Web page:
Upgrade Shortcut: Upgrading to CLM 2011 the Easy Way

Now that people are in the thick of upgrading their CLM-based products (RTC, RQM, RTC) to 2011, I’m often asked what the best way is to understand and execute the complex upgrade. I tell them to read the Upgrade Rules, look through the FAQ, generate customized upgrade steps using the Interactive Upgrade Guide, and definitely do the Upgrade Workshop. I also point at a few Jazz.net articles that might relate to their particular upgrade scenario. That amounts to 1-2 days of preparation. Then the actual upgrade planning begins (you better not upgrade without a good plan).

Then I’m asked “OK, so what’s the shortcut?”

That is the shortcut.

No, really. That IS the shortcut. If you try to take a shorter shortcut you’ll end up like Homer Simpson when he said “Alright, we’re here. Let us never speak of the shortcut again.

The long way of learning how to upgrade is the way I did it: Spend a couple of months testing upgrade scenarios without documentation. You don’t want to do that.

So instead spend a couple of days understanding the upgrade. Let the Upgrade Workshop take you by the hand and lead you through an upgrade scenario. It won’t be exactly like your scenario, but you’ll learn a lot about what’s involved in upgrading, and you’ll get great insight into general CLM product administration. You can compare the customized upgrade steps you generated to the Workshop and make notes and observations.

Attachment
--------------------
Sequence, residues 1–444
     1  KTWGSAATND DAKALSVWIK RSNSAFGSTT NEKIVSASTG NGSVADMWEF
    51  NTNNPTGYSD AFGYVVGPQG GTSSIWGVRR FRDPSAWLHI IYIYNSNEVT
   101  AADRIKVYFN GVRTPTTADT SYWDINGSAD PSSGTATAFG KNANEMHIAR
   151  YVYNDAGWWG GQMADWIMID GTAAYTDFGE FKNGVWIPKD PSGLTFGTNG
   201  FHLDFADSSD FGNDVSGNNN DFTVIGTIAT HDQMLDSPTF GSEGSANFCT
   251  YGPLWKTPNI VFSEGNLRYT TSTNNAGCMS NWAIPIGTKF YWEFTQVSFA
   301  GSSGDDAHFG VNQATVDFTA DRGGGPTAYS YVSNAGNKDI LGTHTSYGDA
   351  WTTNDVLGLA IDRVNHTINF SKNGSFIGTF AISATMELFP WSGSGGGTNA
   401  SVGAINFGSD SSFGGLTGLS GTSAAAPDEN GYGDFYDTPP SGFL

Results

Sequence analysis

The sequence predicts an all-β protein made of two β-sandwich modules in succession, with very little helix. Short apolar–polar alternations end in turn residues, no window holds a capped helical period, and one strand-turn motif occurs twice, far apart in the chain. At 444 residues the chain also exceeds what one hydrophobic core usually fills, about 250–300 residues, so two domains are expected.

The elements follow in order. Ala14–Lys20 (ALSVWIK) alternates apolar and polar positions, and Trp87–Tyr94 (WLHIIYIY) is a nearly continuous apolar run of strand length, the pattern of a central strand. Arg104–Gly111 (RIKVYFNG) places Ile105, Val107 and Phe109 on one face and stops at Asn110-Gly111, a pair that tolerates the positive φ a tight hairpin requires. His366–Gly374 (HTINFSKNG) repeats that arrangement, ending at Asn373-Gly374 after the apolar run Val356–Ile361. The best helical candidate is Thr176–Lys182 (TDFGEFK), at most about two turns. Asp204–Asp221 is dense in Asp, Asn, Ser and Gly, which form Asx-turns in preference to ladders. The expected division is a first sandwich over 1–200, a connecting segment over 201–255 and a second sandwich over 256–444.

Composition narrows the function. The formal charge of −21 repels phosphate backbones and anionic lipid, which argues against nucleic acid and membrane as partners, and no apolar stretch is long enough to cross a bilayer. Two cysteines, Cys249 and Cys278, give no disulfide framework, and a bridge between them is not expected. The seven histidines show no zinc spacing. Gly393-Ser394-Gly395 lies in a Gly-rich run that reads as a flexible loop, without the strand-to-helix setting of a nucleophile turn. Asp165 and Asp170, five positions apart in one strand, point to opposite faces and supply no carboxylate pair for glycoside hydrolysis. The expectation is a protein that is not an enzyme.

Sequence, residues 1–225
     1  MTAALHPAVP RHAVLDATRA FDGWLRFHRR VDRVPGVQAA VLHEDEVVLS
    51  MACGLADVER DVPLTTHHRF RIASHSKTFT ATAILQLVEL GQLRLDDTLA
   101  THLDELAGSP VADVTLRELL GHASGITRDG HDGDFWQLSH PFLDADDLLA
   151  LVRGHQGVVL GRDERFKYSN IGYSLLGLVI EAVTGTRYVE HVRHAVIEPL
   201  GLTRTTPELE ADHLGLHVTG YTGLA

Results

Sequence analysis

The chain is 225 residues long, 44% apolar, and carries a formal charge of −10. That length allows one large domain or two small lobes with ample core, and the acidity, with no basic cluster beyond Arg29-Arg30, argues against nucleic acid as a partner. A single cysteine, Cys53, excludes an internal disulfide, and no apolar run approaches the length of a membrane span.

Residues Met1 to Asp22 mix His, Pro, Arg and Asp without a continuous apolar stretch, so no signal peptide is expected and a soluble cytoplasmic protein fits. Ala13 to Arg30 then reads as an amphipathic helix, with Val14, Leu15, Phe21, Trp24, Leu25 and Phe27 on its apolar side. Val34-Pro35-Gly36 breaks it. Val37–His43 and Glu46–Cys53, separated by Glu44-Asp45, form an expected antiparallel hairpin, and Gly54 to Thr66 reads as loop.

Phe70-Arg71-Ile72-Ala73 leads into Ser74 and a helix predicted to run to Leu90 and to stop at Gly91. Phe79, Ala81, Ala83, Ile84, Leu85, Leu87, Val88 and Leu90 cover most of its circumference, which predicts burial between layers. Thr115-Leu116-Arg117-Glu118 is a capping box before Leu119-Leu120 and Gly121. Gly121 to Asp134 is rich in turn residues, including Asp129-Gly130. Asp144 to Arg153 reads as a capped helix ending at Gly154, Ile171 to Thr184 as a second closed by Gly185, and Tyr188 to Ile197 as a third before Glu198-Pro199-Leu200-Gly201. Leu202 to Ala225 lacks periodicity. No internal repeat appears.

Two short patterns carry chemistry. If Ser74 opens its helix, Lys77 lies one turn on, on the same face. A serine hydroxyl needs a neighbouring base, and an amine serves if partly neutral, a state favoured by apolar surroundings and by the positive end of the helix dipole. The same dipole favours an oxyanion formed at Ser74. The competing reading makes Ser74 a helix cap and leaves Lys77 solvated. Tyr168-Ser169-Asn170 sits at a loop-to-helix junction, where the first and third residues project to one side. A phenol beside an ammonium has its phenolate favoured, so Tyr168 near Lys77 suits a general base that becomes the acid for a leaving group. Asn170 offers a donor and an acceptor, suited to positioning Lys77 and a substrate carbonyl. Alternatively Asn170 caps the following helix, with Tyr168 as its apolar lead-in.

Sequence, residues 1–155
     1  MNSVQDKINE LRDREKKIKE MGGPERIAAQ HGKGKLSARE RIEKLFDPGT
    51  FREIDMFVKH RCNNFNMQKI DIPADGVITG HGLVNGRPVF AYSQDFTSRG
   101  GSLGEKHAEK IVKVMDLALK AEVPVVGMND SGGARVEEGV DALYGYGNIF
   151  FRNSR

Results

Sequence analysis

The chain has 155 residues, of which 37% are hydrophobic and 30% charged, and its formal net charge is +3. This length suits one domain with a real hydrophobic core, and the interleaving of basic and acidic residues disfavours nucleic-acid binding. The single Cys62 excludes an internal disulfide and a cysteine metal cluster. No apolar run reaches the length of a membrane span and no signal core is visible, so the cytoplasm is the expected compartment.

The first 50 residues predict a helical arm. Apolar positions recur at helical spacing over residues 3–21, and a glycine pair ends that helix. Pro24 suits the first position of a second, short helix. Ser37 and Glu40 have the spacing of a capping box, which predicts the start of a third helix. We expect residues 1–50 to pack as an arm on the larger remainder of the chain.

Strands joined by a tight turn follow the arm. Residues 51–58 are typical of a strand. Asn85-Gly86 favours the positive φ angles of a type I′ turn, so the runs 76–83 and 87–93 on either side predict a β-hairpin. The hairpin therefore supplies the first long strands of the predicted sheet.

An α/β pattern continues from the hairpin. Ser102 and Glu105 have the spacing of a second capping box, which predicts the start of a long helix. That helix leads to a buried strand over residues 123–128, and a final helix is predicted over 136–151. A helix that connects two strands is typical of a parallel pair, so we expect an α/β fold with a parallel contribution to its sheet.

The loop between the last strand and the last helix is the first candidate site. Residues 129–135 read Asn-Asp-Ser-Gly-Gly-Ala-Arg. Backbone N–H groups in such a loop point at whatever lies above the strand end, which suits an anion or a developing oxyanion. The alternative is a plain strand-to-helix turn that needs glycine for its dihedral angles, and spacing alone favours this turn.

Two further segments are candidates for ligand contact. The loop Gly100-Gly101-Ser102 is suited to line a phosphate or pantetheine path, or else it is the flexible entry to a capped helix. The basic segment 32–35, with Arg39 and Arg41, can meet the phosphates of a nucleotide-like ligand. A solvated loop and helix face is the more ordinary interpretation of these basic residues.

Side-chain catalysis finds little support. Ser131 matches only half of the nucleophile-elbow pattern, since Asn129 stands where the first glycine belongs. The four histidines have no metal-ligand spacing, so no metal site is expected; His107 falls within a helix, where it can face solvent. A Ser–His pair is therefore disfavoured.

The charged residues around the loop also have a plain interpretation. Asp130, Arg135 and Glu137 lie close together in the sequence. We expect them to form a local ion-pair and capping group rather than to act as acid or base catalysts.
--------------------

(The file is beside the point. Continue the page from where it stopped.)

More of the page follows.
Read. Everything. Carefully. Yes, I know you’ve done this kind of thing before. And you’re a hot-shot technical expert. You get it, you can connect the dots on your own. I understand all that when I say “Read everything carefully.” Don’t take things for granted or you will step into a bear trap. The upgrade has many steps and many constraints. The workshop and installation steps help point a lot of those out.

The people who get into trouble aren’t the ones who aren’t technical superstars. The folks who get into trouble are the ones who haven’t read the line before and the line after the instruction they’re executing right now. I’m not being metaphorical here. I have had to help people get out of trouble by telling them to do what the line before the instruction they’re on told them to do. These are good technical people who tried to take the Homer shortcut, and now we must never speak of it again.

The people who fail when upgrading are the ones who take the “shortcut” of upgrading without understanding what’s involved first.

So do yourself a favor and take the recommended shortcut. If you don’t take my shortcut, then (as they say in Maine) “You can’t get there from here.”

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